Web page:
Therefore say to the house of Israel, Thus says the Lord God: It is not for your sake, O house of Israel, that I am about to act, but for the sake of my holy name, which you have profaned among the nations to which you came. And I will vindicate the holiness of my great name, which has been profaned among the nations, and which you have profaned among them. And the nations will know that I am the Lord, declares the Lord God, when through you I vindicate my holiness before their eyes,” Ezekiel 36-22-23, ESV.
Another reason many Christian thinkers believe holiness is the essence of God’s nature is the truth that God cannot will to be anything other than holy. Follow their argument. God’s holiness precedes his will so that he only and always wills out of his holiness. Therefore his will is utter moral rightness and goodness. Thus, if God willed himself to be unholy that would mean his rightness and goodness are flawed and that he was never holy to begin with. Therefore, if God is at all holy, he must remain holy, for holiness always wills to continue holiness.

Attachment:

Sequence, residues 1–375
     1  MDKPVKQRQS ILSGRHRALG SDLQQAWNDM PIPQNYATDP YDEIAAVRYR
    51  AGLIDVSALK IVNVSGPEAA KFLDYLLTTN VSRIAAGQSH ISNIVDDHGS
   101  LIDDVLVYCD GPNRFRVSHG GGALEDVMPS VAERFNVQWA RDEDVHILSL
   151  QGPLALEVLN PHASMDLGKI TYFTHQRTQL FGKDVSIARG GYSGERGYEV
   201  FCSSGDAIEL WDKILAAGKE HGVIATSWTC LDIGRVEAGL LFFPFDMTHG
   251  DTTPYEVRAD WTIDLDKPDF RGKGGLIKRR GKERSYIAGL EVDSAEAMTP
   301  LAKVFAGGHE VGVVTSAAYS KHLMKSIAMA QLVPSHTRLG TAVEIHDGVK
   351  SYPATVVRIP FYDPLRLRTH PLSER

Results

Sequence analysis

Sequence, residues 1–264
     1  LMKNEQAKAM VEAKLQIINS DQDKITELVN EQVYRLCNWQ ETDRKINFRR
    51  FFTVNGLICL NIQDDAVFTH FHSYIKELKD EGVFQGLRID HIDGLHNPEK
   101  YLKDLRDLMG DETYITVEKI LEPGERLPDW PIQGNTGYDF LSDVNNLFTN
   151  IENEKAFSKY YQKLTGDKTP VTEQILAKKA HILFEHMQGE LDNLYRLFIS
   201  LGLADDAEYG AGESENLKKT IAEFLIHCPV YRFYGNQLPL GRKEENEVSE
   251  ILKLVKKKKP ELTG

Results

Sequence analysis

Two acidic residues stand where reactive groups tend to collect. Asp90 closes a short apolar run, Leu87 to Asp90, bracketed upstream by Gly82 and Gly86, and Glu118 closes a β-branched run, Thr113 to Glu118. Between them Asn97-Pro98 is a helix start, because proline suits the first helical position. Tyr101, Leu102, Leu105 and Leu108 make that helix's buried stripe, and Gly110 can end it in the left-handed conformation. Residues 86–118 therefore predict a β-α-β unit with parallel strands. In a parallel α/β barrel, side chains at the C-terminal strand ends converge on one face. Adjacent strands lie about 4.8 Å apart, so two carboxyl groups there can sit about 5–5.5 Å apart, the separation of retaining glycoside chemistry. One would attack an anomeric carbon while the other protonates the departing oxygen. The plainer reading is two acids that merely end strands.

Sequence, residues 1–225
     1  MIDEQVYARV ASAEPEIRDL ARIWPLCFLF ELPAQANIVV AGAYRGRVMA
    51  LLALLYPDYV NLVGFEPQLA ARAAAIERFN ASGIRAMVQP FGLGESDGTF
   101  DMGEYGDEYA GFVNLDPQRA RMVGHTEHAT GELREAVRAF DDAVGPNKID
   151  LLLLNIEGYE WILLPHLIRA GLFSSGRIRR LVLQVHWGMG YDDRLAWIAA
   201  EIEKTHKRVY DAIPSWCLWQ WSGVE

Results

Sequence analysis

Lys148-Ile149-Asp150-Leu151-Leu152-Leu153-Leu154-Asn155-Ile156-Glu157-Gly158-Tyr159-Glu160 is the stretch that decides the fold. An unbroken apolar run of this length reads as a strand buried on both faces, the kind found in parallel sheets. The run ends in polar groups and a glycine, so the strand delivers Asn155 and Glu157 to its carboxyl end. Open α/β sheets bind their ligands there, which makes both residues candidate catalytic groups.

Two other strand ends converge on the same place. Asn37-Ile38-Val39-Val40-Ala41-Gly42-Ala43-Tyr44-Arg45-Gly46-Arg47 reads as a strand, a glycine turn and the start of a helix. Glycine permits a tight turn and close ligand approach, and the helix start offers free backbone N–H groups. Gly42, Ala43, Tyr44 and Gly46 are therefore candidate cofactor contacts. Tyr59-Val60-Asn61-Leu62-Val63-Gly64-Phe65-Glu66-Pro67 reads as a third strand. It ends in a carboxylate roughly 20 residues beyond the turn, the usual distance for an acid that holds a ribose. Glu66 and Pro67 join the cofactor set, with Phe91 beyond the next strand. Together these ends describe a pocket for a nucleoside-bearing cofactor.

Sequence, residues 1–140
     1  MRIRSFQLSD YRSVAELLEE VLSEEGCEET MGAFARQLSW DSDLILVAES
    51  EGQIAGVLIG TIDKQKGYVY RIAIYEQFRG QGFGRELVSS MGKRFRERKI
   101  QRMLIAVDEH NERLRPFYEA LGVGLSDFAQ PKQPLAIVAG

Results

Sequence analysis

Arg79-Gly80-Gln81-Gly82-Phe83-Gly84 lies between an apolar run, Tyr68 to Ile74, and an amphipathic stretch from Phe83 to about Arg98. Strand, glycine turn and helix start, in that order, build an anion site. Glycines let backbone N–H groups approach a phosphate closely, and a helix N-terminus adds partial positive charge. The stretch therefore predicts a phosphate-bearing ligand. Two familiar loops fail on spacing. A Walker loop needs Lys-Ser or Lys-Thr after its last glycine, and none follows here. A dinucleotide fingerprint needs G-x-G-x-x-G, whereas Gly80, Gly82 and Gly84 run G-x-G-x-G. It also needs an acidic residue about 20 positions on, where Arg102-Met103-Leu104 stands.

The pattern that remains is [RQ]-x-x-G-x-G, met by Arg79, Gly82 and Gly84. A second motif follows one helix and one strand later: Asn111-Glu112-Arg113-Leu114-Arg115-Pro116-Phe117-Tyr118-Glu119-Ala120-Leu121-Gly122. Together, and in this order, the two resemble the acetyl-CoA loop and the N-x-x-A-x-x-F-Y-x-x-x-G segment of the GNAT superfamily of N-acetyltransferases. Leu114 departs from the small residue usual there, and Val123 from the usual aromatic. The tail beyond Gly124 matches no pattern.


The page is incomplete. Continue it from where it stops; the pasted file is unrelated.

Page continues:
Because God is holy, he must hate sin.
I will take you from the nations and gather you from all the countries and bring you into your own land. I will sprinkle clean water on you, and you shall be clean from all your uncleannesses, and from all your idols I will cleanse you. And I will give you a new heart, and a new spirit I will put within you. And I will remove the heart of stone from your flesh and give you a heart of flesh. And I will put my Spirit within you, and cause you to walk in my statutes and be careful to obey my rules. You shall dwell in the land that I gave to your fathers, and you shall be my people, and I will be your God. And I will deliver you from all your uncleannesses. …,” Ezekiel 36:24-29.
Holiness is often explained in terms of God being set apart or separate. God’s holiness totally separates him from evil, sin uncleanness, and imperfection.